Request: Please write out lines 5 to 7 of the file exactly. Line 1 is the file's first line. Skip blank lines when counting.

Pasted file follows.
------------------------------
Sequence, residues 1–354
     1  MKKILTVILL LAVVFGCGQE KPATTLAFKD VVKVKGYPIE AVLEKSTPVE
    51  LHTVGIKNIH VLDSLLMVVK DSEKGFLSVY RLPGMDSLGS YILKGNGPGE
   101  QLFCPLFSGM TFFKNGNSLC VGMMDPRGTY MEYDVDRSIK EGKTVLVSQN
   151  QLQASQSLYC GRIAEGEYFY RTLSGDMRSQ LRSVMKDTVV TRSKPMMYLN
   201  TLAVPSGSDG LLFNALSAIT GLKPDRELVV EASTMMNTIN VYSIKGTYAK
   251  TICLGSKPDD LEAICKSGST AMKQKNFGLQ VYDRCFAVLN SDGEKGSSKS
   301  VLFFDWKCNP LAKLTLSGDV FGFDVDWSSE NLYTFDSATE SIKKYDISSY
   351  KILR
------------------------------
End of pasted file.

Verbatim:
   151  QLQASQSLYC GRIAEGEYFY RTLSGDMRSQ LRSVMKDTVV TRSKPMMYLN
   201  TLAVPSGSDG LLFNALSAIT GLKPDRELVV EASTMMNTIN VYSIKGTYAK
   251  TICLGSKPDD LEAICKSGST AMKQKNFGLQ VYDRCFAVLN SDGEKGSSKS